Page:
Lapid and Bennett warned about delisting the Guard Corps last month. Asked why they chose to make a strong statement this weekend, a diplomatic source said that “We thought this is something Israel could influence and that this was the time to do it.”

The US assured the Jewish state that it “can find other ways to keep the IRGC in check,” the source said, but they did not specify how. Israel is also concerned about the move sending a “terrible message.”

Bennett and Lapid issued a joint statement in order to make clear that there are no political differences between them, the source said.

DEFENSE MINISTER Benny Gantz did not join their statement, and has been more reticent to publicly criticize the US as it negotiates a return to the 2015 nuclear deal with Iran, focusing more on potential areas of defense cooperation against the threats posed by the Islamic Republic.

Gantz spoke with US Secretary of Defense Lloyd Austin on Friday, in a call that focused on the deal being negotiated with Tehran and Israel’s position on it.

According to a statement released by his office, Gantz “emphasized the importance of deepening cooperation between the US, Israel and regional partners in the face of ongoing Iranian aggression.”

He also thanked Austin for the $4.8 billion of security assistance, which includes “critical” Iron Dome replenishment.MK Yuli Edelstein (Likud) said he doubts the Americans will really remove the IRGC’s terrorist designation, “but the fact that we are talking about it is further proof of the great loss of control and international status of Israel.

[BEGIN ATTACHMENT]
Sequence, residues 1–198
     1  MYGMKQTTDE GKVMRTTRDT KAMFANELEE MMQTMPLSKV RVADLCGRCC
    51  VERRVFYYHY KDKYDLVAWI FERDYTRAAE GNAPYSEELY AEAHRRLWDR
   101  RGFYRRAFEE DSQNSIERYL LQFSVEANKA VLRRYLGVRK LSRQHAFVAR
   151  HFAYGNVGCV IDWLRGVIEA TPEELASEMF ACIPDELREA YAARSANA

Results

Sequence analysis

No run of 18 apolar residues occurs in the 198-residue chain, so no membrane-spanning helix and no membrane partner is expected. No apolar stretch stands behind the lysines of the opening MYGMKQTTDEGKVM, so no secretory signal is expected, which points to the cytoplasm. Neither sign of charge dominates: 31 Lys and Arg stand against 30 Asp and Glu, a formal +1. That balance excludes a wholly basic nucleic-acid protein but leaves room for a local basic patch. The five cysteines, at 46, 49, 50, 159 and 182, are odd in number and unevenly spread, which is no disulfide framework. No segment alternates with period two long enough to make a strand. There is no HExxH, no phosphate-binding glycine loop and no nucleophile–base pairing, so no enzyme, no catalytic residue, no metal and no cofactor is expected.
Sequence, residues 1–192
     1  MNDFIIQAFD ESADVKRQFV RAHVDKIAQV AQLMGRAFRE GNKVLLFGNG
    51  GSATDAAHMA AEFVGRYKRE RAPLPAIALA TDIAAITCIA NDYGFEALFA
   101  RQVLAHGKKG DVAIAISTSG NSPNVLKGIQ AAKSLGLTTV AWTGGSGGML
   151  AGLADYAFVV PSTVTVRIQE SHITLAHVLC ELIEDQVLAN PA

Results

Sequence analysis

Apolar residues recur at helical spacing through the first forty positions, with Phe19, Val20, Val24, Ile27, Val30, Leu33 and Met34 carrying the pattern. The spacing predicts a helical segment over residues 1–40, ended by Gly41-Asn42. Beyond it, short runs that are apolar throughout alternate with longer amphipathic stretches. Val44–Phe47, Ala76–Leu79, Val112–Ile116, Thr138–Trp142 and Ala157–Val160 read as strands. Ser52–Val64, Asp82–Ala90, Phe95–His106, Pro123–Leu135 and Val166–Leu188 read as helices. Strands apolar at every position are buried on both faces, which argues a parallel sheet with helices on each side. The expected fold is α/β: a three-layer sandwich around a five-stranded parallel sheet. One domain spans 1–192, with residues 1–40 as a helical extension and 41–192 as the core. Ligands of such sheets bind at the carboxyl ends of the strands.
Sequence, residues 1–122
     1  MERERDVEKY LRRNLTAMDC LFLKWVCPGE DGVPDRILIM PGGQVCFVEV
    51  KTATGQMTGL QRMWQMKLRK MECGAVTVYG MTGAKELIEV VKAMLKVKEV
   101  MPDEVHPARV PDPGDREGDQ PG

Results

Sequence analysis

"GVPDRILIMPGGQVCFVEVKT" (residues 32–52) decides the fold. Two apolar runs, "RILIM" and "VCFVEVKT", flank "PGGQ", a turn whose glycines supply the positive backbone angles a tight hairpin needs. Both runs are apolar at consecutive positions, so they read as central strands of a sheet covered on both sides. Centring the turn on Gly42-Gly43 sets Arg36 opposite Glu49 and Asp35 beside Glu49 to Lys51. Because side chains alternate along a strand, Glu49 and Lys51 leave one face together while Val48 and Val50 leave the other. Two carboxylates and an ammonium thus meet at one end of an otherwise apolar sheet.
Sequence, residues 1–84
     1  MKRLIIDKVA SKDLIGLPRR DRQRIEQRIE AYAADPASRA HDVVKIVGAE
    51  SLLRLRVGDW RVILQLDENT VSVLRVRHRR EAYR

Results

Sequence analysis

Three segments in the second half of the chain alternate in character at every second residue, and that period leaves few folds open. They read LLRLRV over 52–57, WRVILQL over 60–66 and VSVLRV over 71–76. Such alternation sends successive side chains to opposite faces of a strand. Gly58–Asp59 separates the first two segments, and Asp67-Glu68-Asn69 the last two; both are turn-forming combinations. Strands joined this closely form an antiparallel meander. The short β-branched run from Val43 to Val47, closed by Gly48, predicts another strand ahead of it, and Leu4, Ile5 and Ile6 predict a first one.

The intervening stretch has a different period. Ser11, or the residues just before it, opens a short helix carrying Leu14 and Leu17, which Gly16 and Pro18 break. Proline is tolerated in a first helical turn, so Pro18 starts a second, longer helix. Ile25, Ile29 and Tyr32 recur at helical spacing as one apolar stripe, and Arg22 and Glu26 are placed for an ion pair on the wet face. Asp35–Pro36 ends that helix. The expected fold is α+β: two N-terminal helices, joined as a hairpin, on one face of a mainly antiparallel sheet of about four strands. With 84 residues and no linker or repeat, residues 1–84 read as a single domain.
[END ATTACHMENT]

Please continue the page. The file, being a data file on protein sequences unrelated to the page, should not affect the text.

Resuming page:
“The Bennett-Lapid government manages to fail again and again and harm Israeli interests,” Edelstein stated. “They are not up to the job.”

While the US is likely to keep post-Iran-deal sanctions on IRGC-affiliated individuals for terrorism and human rights offenses, the removal of the group’s terrorist designation will be a boon to Iran’s economy, in addition to lifting nuclear-related sanctions as per the 2015 Joint Comprehensive Plan of Action.

THE IRGC has played a huge role in Iran’s economy for decades, with its hands in a range of industries like energy, water, transportation, communications, infrastructure and more.

This is what Iran’s leadership has called the “resistance economy,” making the Islamic Republic less vulnerable to sanctions by becoming more self-reliant.With the IRGC being considered a terrorist group, the US would be able to initiate legal proceedings against companies that work with its subsidiaries – though it has never done so.